Posted December 2020
Filing for bankruptcy is a complicated decision, fraught with sleepless nights, guilt, stress, and uncertainty. There are so many what ifs. Adding to the uncertainty is a common question facing spouses: should we file bankruptcy separately, jointly, or should just one of us file? This post will discuss why it is sometimes best for only one spouse to file.
Practical reasons for just one spouse filing for bankruptcy
It is possible for a one debtor spouse to file for bankruptcy without the involvement of the non-filing spouse. This may happen if most of the debts belong to a single spouse. Perhaps the debts arose from a previous marriage that ended in a messy divorce, or the debts are from a business owned by a single spouse. Perhaps the non-filing spouse has large debts that will not be subject to discharge (e.g. student loan debt). Perhaps the non-filing spouse is just not interested in filing for bankruptcy. There are many reasons why only one spouse may file for bankruptcy.
The Legal Reasons for a one spouse bankruptcy
There may be many practical reasons to consider a single-debtor bankruptcy, but of course, the legal ramifications must also be evaluated closely. In Texas, if a married couple jointly files for bankruptcy, they often double their exemptions. Exempted property is not subject to seizure by the bankruptcy trustee to pay creditors. For more information on exemptions, see our article on bankruptcy exemptions here.
Note that not all property types are allowed an exemption, and virtually all exemptions have monetary caps. So, if only one spouse chooses to file, they generally receive only half of their exemptions. In addition to exemptions, the community property laws of Texas should also be considered.
You’ve perhaps heard that Texas is a community property state, but what does that really mean? If you are getting a divorce, it means that all property incurred during the marriage (except for property received via inheritance or gift) belongs to both spouses equally, regardless of whose name is on the deed/title or whose paycheck the income was derived. Many people are familiar with this rule, but forget about debt.
Clients call our office often saying something along the lines of “I want a divorce. We have no property together and no children. It should be an easy divorce, right?” Well our next question is always about debt…how much debt do you have together? Many divorces hinge on debt rather than property division. However, this post is not about divorce, it is about bankruptcy, and bankruptcy is all about debt. Happily, community property does NOT apply to bankruptcy filings…sort of.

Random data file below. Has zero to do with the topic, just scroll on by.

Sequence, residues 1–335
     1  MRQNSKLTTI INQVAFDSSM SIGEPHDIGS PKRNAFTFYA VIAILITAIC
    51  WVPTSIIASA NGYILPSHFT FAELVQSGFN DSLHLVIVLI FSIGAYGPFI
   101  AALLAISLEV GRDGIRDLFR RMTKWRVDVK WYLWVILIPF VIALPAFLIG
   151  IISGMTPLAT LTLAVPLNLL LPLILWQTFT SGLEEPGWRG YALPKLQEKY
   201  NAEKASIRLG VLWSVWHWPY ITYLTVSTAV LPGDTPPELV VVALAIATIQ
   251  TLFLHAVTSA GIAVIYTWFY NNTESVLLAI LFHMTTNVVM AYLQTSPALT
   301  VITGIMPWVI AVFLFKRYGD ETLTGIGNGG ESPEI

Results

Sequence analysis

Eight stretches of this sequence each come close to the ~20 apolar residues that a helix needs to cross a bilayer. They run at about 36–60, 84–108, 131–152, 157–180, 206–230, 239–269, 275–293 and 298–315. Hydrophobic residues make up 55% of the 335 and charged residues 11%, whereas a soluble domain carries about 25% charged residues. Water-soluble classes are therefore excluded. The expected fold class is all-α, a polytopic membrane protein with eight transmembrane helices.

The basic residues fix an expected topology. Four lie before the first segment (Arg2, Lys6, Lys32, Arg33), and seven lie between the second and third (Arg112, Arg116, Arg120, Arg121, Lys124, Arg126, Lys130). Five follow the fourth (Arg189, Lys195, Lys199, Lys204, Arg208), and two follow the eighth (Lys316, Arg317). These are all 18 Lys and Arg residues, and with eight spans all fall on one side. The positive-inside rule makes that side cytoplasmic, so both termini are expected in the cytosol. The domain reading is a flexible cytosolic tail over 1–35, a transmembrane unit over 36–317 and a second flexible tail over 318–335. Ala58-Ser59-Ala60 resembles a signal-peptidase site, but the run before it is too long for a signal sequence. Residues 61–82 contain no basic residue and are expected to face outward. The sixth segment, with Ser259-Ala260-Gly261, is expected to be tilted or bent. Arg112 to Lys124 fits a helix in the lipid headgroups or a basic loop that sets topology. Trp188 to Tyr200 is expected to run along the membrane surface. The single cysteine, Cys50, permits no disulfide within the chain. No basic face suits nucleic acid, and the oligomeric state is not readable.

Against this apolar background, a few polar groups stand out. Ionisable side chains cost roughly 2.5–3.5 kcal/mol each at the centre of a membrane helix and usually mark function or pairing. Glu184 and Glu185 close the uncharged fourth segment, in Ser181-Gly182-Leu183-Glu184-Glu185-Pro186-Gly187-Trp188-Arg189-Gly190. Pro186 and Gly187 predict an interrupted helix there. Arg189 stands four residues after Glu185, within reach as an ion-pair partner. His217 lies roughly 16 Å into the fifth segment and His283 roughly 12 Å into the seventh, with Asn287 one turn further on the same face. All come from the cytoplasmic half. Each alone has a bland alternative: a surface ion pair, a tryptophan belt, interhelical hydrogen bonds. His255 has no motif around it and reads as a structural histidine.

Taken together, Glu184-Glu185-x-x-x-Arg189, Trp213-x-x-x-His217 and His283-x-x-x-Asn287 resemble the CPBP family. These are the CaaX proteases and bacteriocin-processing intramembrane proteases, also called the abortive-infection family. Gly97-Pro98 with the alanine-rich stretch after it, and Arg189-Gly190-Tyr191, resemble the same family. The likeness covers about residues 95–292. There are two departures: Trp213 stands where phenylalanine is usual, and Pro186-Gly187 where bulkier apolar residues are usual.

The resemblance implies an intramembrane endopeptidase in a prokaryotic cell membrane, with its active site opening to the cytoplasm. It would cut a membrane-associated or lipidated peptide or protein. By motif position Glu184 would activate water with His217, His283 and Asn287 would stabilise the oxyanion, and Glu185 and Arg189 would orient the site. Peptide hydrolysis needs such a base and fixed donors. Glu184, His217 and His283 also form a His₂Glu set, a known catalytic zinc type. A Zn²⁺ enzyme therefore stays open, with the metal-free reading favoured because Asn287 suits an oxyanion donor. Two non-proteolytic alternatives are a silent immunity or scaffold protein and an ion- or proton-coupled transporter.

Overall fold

When you file for bankruptcy in Texas more property is subject to seizure than in non-community property states because the bankruptcy estate includes both separate property of the filing spouse and community property. As discussed above, if one of you files separately, may not have enough exemptions to cover it all.
In addition, when one spouse files separately, individual and joint debts are dischargeable, but the non-filing spouse’s separate property could still be seized to satisfy debt for joint accounts. Obviously, the non-filing spouse will not receive a discharge for his or her separate debts, and there is no protection for his or her separate assets.
Still not over.
If after consideration of the practical and legal implications of filing separately, you determine that a single spouse bankruptcy is right for you, the non-filing spouse is still not entirely off the hook. The non-filing spouse will generally still be required to provide information about joint debts, his or her income, and joint expenses.
If you’re considering filing for bankruptcy, you don’t have to go it alone. Contact our office today to see how we can help!